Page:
• These are nutrients needed in large quantities
  • There are 3 major categories of macronutrients:
    • Carbohydrate
    • Protein
    • Fat
  • There are many different points of views but, in general, most experts recommend that the caloric composition of diet be: 45-65% carbohydrate, 10-35% protein, 20-35% fat


  • Provides energy for the body
  • Dietary sources are generally in the form or sugars and starches from grains and starchy vegetables like potatoes.
  • A healthy body has a tight control on blood sugar levels and has three way to dispose of excesses: (1) burned during activities (healthy); (2) stored as glycogen in the liver (healthy); and (3) converted to body fat (unhealthy and a clear indication of consuming too many carbohydrates).
  • Carbohydrates are put into two categories: simple carbs and complex carbs. These have massively different effects in the body:
    • Simple carbs: are easy to digest sugars (click through to BAD STUFF/SUGAR). Simple carbs are over-consumed with the high sugar diet of today, which leads to obesity and poor health. Many snacks are appealing because they give a quick energy, but are loaded with sugar and unhealthy.
  • Complex carbs: are slower to digest and rich in fiber (click through OTHER INGREDIENTS/FIBER). These promote satiety, leading weight loss and better blood glucose and cholesterol control.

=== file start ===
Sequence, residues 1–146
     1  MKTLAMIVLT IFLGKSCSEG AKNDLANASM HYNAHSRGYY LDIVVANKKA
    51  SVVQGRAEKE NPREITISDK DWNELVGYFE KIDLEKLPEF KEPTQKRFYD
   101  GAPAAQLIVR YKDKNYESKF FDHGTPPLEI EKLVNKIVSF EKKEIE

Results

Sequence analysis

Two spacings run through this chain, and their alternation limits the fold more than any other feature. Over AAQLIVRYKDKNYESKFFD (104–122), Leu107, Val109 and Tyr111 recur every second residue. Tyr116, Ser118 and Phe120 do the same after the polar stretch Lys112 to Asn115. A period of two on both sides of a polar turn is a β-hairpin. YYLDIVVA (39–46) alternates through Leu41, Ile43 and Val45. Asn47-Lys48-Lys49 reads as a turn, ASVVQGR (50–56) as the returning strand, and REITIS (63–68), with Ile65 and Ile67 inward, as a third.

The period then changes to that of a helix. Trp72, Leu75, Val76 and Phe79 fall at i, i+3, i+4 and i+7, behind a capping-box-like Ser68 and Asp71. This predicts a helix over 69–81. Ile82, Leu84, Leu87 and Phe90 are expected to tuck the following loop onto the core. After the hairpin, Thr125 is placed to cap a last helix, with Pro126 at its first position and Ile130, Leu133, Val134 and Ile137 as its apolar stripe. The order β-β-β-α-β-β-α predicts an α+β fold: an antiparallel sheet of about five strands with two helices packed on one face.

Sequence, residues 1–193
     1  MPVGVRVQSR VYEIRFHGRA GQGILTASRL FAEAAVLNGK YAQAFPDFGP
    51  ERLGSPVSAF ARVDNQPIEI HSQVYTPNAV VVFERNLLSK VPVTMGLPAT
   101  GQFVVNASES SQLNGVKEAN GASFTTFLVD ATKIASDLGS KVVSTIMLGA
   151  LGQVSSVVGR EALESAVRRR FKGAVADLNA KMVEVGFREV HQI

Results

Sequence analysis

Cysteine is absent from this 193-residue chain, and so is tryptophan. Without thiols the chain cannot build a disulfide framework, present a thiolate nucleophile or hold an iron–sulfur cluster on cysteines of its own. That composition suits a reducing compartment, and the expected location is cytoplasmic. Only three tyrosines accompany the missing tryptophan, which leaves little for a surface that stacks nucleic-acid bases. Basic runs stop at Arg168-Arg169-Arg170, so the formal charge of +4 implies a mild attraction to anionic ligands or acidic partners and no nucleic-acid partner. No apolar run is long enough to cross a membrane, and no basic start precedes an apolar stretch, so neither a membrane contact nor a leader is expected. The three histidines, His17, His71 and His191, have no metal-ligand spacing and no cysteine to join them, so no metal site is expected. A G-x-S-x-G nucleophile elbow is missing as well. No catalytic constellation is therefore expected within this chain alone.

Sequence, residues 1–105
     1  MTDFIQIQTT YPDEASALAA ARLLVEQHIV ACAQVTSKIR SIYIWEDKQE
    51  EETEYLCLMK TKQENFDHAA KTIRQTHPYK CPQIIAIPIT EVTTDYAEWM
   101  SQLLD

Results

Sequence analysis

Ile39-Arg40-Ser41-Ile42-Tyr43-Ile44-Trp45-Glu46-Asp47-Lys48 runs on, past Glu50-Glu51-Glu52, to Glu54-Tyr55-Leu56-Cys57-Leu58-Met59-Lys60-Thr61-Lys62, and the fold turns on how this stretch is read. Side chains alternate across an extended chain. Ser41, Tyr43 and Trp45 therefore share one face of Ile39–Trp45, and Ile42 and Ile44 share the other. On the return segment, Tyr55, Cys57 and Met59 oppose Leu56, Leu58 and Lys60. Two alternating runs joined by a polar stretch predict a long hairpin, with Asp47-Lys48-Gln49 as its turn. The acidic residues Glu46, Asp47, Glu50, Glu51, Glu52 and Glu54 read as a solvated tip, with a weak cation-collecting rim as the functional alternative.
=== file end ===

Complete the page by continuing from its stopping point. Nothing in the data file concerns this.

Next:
• In general, we should be eating more complex carbs and fewer simple carbs. To understand the quality of carbs, you need to know which type you are consuming.


  • Humans consume dietary protein, but the body really only wants the amino acids, which make up protein.
  • There are 12 essential amino acids (12: leucine, isoleucine, valine, tryptophan, tyrosine, phenylalanine, methionine, cysteine, threonine, histidine, lysine, arginine) (Click through to ESSENTIAL AMINO ACIDS). These are essential, because our body does not make these amino acids and must get them from protein-rich foods like meats, seafood, legumes, and dairy products.
  • There are 8 non-essential amino acids (8: alanine, asparagine, aspartate, glutamate, glutamine, glycine, proline, serine). These are non-essential, because our body can make these amino acids. Some essential amino acids are used to make the non-essential ones.
  • Protein is used to make all body parts, particularly all tissues and cells, and to maintain and grow muscle mass.


  • There are 3 major fat categories: omega-3, -6, and -9. (click through HEALTHY FATS)
  • Essential fats are omega-3s and -6s
    • In general, we consume too many omega-6 fats and not enough omega-3s
  • Omega-9s are made by the body, but extra consumption of them from foods like avocados and olive oil enhances health
  • Saturated and trans fats are unhealthy (click through BAD STUFF)
  • All fats provide a slow-releasing energy source
  • Excess fat is stored around the body, but in some cases, in the abdominal region and on the liver, which increases the risk of type 2 diabetes